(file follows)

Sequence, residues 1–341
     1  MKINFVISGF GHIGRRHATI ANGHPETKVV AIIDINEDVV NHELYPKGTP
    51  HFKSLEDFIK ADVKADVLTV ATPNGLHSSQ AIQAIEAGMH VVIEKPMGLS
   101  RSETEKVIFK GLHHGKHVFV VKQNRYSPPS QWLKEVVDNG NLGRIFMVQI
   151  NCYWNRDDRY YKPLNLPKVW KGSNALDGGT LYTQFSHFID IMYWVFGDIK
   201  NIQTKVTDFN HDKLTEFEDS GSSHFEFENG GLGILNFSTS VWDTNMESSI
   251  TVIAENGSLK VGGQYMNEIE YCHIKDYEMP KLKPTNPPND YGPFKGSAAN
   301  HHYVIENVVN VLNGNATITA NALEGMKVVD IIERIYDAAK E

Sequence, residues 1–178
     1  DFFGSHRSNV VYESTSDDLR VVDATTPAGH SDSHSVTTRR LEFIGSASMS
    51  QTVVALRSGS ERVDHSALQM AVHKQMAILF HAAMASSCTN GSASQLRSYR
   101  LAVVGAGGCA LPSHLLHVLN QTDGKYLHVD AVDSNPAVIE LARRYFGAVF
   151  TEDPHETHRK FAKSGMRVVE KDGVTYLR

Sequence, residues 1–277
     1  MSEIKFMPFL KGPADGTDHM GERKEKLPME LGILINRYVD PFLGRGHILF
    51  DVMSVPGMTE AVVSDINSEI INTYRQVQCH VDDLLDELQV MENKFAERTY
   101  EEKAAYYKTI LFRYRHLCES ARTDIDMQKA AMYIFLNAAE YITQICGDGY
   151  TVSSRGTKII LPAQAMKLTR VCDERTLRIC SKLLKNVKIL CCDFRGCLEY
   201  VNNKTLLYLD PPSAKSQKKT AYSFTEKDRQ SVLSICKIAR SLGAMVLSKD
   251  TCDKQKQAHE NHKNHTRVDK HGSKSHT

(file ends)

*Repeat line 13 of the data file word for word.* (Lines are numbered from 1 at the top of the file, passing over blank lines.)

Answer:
   151  TEDPHETHRK FAKSGMRVVE KDGVTYLR